Teaching Children About Bicycle Safety - Diamond and Diamond Lawyers

Teaching Children About Bicycle Safety


The number of adults and children using bicycles might surprise you. It is estimated that 12 million people across Canada who are at least 12 years of age said they rode a bicycle during the past year. What is not surprising is that 82 percent of children between 12 and 14 years of age said they rode bicycles during the previous year. The health benefits of the exercise a person gets from bicycling are well known, but an average of 74 people are killed each year in bicycle-related accidents. Teaching children about bicycle safety is essential.

Rules for bicycle riders in Ontario

Bicycles are defined by the Ministry of Transportation in Ontario as a vehicle with the following characteristics:

  • Is not propelled by a motor
  • Has anywhere from one to three wheels
  • Is equipped with handlebars for steering
  • Has foot pedals riders use to propel it

Although operators are not required to have a license or registration for them, bicycle riders must obey certain rules of the road. Because they are classified as a vehicle under the province’s Highway Traffic Act, bicycle riders must follow certain rules, including:

  • Obey the traffic laws
  • Ride on the right edge of the road
  • Prohibited from carrying passengers unless the bicycle is a tandem and designed to carry two people
  • Stay off controlled access highways

Approved helmets must be worn by riders under 18 years of age. Although not mandatory for adults, they are encouraged in order to avoid head injuries in the event of a fall or a collision.

Making sure your child’s bike is ready

When choosing a bicycle for your child, purchase it at a reputable dealer that can make certain it is the right size. A simple test to determine if a bicycle is not the right size is by having your child straddle the bicycle. Both of your child’s feet should be touching the ground. A bicycle that is too big will prevent your child from placing both feet on the ground.

Make certain your child is wearing an approved helmet that fits properly when the strap is fastened below the child’s chin. The bicycle should also have a bell or horn to signal and reflectors, so it can be seen at dusk or at night. Bicycles that will be on the road after dark should have lights on the front and back for enhanced visibility.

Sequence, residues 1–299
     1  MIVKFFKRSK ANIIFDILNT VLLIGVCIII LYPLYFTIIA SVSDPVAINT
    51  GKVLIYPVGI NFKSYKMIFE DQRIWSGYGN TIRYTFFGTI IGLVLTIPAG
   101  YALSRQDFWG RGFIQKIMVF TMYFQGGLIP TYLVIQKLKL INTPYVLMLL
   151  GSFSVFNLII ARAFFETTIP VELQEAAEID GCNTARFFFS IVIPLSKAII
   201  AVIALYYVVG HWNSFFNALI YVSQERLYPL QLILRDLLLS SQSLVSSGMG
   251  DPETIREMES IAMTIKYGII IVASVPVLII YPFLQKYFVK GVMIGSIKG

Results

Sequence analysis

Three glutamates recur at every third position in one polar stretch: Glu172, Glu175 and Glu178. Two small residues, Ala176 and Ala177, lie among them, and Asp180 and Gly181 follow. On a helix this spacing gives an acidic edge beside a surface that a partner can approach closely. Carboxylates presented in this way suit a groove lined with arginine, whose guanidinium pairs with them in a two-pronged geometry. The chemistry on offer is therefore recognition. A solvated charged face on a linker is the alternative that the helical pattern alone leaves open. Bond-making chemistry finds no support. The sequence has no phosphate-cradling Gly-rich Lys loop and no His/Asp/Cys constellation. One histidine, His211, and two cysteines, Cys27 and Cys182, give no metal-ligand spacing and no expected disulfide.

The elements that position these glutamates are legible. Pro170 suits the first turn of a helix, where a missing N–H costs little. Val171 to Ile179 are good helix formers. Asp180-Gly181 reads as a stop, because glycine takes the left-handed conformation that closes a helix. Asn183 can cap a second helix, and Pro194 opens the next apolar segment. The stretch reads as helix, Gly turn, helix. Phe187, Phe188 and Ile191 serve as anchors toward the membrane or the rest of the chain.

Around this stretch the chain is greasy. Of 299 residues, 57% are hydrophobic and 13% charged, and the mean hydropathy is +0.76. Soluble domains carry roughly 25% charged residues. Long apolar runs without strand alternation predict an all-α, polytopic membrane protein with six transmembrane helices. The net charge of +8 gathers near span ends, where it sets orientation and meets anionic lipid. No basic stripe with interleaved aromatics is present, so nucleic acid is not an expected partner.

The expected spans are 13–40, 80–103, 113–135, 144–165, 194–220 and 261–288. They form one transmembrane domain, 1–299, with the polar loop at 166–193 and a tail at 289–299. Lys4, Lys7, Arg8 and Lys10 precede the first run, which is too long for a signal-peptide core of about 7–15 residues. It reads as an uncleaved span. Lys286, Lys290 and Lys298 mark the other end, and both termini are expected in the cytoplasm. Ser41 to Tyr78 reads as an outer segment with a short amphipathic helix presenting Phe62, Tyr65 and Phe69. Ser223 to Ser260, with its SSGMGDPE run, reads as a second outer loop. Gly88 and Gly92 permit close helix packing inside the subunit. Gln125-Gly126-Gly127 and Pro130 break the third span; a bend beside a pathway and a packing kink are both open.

What to teach children about bicycle safety

Children should be taught that roads are not playgrounds. Bicycle riding in the street can be dangerous, so children should be taught by their parents to obey the rules of the road, ride on the extreme right edge of the road surface and do not play while riding.

Other rules you should teach children to keep them safe while riding their bicycles include:

  • When entering the road from a driveway, always stop before entering the street, look left and right for approaching traffic, and do not enter the road until it is safe to do so.
  • Obey all stop signs, and do not enter an intersection after stopping until it is clear of traffic.
  • When crossing the street, dismount and walk the bike across the street.
  • Teach children to scan the road behind them before making a turn and to always use proper hand signals when turning.

It is up to you as the parent to determine when your child is ready to ride and the conditions under which he or she can safely do so.

Bicycle accident and injury compensation lawyers

Whether you or your child has suffered an injury while riding a bicycle, speak to the personal injury lawyers at Diamond & Diamond. They are skilled and compassionate professionals capable of obtaining compensation from drivers, properties and others responsible for causing bicycle accidents and injuries. Don’t delay, contact our 24/7 injury hotline at 1-800-567-HURT or visit our website to speak to someone now about your claim. Consultations are free, and we have offices located throughout Ontario.

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